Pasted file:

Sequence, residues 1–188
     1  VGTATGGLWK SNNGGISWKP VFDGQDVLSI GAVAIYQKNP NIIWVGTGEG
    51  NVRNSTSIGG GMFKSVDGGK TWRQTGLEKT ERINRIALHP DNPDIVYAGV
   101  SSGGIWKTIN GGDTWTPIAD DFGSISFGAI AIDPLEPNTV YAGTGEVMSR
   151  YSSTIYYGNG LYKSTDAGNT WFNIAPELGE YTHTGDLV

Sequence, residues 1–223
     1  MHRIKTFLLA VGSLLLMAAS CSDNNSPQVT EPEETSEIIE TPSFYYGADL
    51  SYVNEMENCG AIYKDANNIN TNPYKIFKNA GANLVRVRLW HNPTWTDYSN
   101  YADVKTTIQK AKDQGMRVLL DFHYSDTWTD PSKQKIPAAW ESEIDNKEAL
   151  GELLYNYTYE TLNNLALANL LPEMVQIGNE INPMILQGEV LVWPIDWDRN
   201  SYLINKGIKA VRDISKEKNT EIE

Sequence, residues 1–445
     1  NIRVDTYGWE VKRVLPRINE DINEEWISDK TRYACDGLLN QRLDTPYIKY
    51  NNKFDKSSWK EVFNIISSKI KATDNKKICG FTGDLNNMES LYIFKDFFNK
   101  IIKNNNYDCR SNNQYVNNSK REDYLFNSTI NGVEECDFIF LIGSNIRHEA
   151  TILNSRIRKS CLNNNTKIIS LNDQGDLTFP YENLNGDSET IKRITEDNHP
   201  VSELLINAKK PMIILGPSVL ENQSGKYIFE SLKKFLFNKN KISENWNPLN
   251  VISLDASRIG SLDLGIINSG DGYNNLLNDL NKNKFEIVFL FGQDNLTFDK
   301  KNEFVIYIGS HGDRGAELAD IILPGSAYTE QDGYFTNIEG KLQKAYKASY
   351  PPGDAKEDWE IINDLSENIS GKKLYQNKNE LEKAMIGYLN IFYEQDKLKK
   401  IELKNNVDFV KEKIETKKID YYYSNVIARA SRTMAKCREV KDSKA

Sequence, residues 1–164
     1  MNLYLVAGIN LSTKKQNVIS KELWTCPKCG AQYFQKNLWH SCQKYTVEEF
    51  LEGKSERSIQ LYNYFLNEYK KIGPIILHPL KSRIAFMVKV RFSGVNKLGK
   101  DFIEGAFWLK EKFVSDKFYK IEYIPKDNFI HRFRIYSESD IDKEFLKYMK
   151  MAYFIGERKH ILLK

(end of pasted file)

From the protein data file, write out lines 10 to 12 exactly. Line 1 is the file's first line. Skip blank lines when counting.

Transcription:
   151  GELLYNYTYE TLNNLALANL LPEMVQIGNE INPMILQGEV LVWPIDWDRN
   201  SYLINKGIKA VRDISKEKNT EIE

Sequence, residues 1–445